On top of all that, and not even that related to climate change, the insect apocalypse is here too, a fact recently confirmed by a big meta-study published a few weeks ago, and if you understand ecosystems, that should get you extremely worried.

Then again, in a way, I already knew all of that last year too. I’ve been more or less pessimistic for quite some time. The thing is, I’ve become a father for the second time, just before I started The Bone Clocks, and it is the eerie realism of Mitchell’s last chapter, coupled with all of the above, that only now made me fully realize full blown trouble might well be for 2043, and not for 2140, like in KSR’s latest CliFi utopia.

Trouble is manifold in Mitchell’s near-future, but what struck me most is how vulnerable our current lives are. He evokes the claustrophobic effect of no power, no internet, no Skype, no information.

The fact that the last chapter is embedded in a novel that starts in 1984, in a story that deals explicitly with the volatility of individual life, makes it the most effective dystopia I have ever read. Most dystopias start out as one, or get there quickly after some set up. In The Bone Clocks it’s only the coda.

Because it’s the coda, it seems easily missed, as hardly any review I’ve read puts the focus on it, some reviews even stress the fun factor of this book. But Mitchell’s final words are bleak – and for an author who’s such a careful plotter it is crystal clear that that’s significant. (Then again, a lot of reviews were written over 4 years ago, and the sense of urgency was not as clear as it is now – luckily, this is one of those books that merit a reread.)

So yes indeed, this is a novel about human greed, just as it is a novel about children and family. Even more so, it is a farewell song. It is no coincidence what happens to Holy Sykes on the final pages, waving goodbye to her genetic future, hoping for the best, but being slowly erased by an incurable cancer.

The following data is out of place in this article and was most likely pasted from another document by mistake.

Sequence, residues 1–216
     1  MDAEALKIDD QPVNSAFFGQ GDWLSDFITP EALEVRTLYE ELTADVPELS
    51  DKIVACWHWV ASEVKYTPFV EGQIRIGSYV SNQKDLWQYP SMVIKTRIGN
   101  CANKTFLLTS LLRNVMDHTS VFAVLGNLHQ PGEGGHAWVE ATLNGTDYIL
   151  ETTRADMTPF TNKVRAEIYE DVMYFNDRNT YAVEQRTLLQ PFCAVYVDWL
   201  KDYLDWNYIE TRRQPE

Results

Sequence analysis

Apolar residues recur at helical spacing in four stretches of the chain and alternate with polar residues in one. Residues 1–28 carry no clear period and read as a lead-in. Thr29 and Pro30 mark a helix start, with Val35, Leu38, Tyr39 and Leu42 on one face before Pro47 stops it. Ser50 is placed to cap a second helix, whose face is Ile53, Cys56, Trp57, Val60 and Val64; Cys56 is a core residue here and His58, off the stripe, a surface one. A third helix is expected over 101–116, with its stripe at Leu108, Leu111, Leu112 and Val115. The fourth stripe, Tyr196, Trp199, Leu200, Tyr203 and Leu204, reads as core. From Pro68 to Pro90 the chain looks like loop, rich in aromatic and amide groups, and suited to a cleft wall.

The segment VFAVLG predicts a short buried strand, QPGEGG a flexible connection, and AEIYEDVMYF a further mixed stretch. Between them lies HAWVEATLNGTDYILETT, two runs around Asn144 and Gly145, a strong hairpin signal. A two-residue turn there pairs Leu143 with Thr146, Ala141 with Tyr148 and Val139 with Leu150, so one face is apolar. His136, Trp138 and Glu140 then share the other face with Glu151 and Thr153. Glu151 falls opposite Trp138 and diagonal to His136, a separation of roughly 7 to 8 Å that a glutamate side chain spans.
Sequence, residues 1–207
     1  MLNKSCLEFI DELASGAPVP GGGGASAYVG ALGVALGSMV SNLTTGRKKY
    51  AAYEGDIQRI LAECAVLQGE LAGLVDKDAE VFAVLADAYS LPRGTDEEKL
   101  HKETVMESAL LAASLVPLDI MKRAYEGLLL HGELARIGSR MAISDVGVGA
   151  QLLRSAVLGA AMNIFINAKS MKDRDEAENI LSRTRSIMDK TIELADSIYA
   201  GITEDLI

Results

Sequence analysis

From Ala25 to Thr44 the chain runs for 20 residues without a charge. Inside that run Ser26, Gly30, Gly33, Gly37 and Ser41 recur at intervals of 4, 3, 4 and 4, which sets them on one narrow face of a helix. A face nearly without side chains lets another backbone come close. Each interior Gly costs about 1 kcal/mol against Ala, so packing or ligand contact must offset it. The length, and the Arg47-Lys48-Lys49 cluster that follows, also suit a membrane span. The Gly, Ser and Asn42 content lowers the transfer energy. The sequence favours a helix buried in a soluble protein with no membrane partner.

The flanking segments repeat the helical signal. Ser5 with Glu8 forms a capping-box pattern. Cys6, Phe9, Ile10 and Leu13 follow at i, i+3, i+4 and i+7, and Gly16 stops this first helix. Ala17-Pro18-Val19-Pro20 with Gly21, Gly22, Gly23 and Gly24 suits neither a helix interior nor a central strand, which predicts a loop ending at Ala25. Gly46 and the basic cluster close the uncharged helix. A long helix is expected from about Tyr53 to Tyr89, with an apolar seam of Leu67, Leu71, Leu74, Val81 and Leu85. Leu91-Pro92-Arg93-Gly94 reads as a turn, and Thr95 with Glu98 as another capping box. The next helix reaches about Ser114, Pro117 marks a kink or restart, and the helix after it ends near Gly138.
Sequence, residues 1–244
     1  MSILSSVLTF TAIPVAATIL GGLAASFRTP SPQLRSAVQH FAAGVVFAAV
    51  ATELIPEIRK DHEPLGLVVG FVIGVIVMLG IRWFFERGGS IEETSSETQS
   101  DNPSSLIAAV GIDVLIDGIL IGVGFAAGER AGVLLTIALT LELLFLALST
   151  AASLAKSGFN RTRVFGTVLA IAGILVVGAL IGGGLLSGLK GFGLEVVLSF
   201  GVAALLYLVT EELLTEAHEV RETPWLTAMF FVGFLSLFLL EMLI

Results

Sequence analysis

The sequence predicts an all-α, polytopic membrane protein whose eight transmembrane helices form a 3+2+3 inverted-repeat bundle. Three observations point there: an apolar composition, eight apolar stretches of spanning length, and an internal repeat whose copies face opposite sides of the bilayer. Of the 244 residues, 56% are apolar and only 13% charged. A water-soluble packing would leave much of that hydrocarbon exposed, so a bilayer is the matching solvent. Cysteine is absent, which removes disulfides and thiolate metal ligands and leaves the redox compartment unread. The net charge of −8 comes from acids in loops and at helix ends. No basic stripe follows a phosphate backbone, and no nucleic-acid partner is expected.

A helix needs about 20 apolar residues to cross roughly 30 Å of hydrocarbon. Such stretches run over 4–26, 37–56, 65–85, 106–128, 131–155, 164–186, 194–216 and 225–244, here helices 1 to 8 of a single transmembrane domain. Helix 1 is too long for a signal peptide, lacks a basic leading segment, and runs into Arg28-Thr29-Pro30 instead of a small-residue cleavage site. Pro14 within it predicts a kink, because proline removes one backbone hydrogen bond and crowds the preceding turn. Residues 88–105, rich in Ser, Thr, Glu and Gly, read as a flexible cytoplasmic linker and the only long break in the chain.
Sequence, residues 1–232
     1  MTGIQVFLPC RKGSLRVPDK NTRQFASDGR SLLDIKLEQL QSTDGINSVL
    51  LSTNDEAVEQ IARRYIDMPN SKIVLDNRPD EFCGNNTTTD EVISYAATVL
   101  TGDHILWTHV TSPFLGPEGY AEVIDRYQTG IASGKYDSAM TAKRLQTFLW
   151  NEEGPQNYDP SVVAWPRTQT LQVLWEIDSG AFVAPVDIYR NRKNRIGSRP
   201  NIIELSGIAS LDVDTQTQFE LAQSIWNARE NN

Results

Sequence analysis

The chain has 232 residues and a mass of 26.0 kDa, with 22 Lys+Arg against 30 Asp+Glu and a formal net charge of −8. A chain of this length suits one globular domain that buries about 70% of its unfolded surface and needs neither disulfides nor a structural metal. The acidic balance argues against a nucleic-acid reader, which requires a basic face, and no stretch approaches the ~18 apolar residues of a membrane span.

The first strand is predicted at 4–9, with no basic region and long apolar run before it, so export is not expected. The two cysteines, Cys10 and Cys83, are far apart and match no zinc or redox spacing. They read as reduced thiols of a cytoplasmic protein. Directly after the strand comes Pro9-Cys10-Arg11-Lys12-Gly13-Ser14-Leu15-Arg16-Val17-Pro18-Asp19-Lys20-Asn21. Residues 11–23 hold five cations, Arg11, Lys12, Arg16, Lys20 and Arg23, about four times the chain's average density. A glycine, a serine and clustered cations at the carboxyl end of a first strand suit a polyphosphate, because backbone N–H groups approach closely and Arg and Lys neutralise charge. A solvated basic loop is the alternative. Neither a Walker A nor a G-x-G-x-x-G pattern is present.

32 responses to “THE BONE CLOCKS – David Mitchell (2014)

  1. Oh please, you whip it out every chance you get!

    Liked by 1 person

  2. This one has been on my radar for some time. Glad to hear that it is good. Its structure sounds very similar to Cloud Atlas, which was also good.

    Liked by 1 person

  3. I was prepared to be impressed with this when the reviews came out but, sad to say, I’ve not yet got round to actually reading it. Perhaps the urgency of the subject matter will give me that kick up the backside I need.

    You’ve also reminded me that I intended to reread Ursula Le Guin’s Orsinia before now: this had a similar structure—a group of short stories, seemingly unrelated except that they were all set in the same fictional country and ranged from the 12th to the 20th century. Bleak little vignettes, but I liked them.

    Liked by 2 people

  4. I loved this one, glad to see another positive review of it (I also hadnโ€™t read anything else by Mitchell)

    Liked by 1 person

    • Have you read some of his other books since? I’m thinking Black Swan Green for my next Mitchell. CA or …Jacob Zoet are also strong contenders. I’ll probably end up reading those anyhow, they all seem different enough.


      • Reading De Zoet is particularly rewarding after reading The Bone Clocks. I read it when it was first published and (spoilers for anyone who hasn’t read Bone Clocks) figured, when reading the Bone Clocks, that Marinus was just a character Mitchell decided to bring back and retcon into being an immortal body-hopper. But nope, it’s very clear once you know the “rules” of the Bone Clocks, and Marinus even drops constant hints which the other characters write off as eccentricities.

        Liked by 1 person

        • That’s interesting, thanks! In the meantime, I’ve bought Zoet, CA and BSG. I generally wait half a year to a year before reading something else of an author, but I’m very much looking forward to dive in.


  5. Firstly, congratulations on the birth of your second child. ๐Ÿ™‚
    Secondly, I lurked a little (again) and Orsenia by Le Guin has gone on my list as a result (thank you Calmgrove).
    Thirdly, this has been on my list for a couple of years, ever since I read Slade House by Mitchell (because it was small and I was in between books) and really enjoyed it. I regularly pick it up in the library โ€ฆ and put it down again in favour of something else. But now? Now you’ve got me interested. I read KSR thanks to you, so why not Bone Clocks too?
    Thank you in advance. And again. ๐Ÿ™‚

    Liked by 2 people

    • Thank you!
      If you liked Slade House, you must read BC – you’re probably aware of this, but if not: Slade House seems to be built up from leftover ideas for BC, as that similarly deals with the battle between Anchorites and Horologists.

      Liked by 1 person

      • I had read somewhere that SH and BC were related books. Wasn’t sure how closely related they might be.
        Have put a reservation on the library copy, so I’ll pick it up Wednesday. ๐Ÿ™‚